Who are those who are present here? In their overwhelming majority they are not the same men, women and young people of that time. The people I am addressing are not the people of that January 1. They are not the same men and women. It is another, distinct people and, at the same time, the same eternal people. (APPLAUSE)
Of the 11,142,700 inhabitants that constitute the country's current population, 7,190,400 had not yet been born; 1,359,698 were under 10 years of age; the overwhelming majority of those then aged 50 and who would now be at least 90 have died, even though those living beyond that age are constantly more numerous.
Of those compatriots, 30% were unable to read and write; I believe that a further 60% never reached sixth grade. Only a few dozen technical colleges and high schools existed, not all of them within the reach of the people; the same with teacher training colleges, plus three universities and one private one. Professors and teachers amounted to 22,000. Possibly 5% of adults, that is, 250,000 persons, could have had more than a sixth-grade education.
There are some statistics I remember.
Today, much better trained teachers and working professors total over 250,000; doctors, 64,000; university graduates, 600,000. Illiteracy has been eradicated, it's extremely rare to find a person who hasn't reached sixth grade. Education is obligatory up to ninth grade; without exception, everyone who reaches that level can continue high-school level studies free of charge. There's no need to refer to absolutely accurate and absolutely exact data. There are facts that no one would dare to deny. Today, with pride, we are the country with the highest per capita indices of teachers, doctors and physical education and sports instructors in the world; and we have the lowest infant and maternal mortality rates in the Third World.
Nonetheless, I don't propose to talk of these and our many other social achievements. There are far more important things than these. What is an absolute reality is that there is no possible comparison between today's people and yesterday's people.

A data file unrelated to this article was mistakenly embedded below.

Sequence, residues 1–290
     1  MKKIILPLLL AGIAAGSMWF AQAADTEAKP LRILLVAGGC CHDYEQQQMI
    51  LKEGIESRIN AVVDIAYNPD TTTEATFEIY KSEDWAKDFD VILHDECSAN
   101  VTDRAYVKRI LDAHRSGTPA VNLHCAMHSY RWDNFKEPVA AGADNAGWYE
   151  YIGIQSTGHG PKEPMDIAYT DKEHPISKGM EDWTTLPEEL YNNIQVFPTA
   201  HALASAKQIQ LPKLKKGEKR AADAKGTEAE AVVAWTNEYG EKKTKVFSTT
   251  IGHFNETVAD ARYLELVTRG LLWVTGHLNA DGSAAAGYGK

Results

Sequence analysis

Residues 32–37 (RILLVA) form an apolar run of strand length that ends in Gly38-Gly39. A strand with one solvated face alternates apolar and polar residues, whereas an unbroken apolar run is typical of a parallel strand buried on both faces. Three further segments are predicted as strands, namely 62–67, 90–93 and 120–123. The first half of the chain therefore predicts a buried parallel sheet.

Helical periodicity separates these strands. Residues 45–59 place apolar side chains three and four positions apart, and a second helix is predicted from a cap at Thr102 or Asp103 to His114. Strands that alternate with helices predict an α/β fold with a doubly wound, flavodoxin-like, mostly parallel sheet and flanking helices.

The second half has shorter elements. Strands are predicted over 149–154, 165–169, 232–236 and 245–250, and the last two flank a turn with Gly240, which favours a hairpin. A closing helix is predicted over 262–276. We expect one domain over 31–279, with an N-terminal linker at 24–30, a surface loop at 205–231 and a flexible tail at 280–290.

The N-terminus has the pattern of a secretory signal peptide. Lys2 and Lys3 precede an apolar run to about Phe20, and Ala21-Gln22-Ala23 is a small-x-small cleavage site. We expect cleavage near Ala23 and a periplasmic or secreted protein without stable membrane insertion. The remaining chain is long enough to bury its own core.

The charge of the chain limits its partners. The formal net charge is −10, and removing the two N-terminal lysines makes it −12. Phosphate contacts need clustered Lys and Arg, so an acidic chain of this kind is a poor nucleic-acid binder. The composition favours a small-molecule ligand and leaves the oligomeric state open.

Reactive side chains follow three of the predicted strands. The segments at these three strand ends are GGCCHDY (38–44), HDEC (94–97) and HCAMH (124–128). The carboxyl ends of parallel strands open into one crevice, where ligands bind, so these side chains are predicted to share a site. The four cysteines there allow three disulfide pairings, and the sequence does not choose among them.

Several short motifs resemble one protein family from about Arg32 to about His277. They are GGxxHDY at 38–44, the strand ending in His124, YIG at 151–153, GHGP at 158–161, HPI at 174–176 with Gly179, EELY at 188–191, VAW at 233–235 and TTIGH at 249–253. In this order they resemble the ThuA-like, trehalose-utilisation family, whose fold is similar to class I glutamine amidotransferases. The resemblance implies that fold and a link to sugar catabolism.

The yesterday's people, illiterate and semi-illiterate, and with really only a minimal political awareness, were capable of making the Revolution, of defending the nation, of subsequently achieving an exceptional political consciousness and initiating a revolutionary process that is unparalleled in this hemisphere and in the world. I do not say that out of any ridiculous chauvinistic spirit, or with the absurd pretension of believing ourselves better than others; I am saying it because, as a result of fate or destiny, the Revolution that was born on that January 1 has been subjected to the hardest trial faced by any revolutionary process in the world.
With the participation of three generations, our heroic people of yesterday and today, our eternal people, have resisted 40 years of aggression, blockade, and economic, political and ideological warfare waged by the strongest and richest imperialist power that has ever existed in the history of the world. The most extraordinary page of glory, and of patriotic and revolutionary determination has been written during these years of the special period, when we were left absolutely alone in the middle of the West, 90 miles from the United States, and we decided to carry on.
NO CAUSE IS MORE IMPORTANT THAN THE CAUSE OF HUMANITY ITSELF
Our people aren't any better than other peoples. Their historic greatness is derived from the singular fact of having been put to the test and having been able to withstand it. It's not a great people in and of itself, but rather a people, which has made itself great, and its capacity to do so is born out of the greatness of the ideas and the righteousness of the causes it defends. There are no other causes like these, and there have never been. Today it's not a matter of selfishly defending a national cause; in today's world an exclusively national cause cannot be a great cause in and of itself; our world, as a consequence of its own development and historical evolution, is globalizing quickly, unhaltingly and irreversibly. Without abandoning national and cultural identities and even the legitimate interests of the peoples of each country, no cause is more important than global causes, that is, the cause of humanity itself.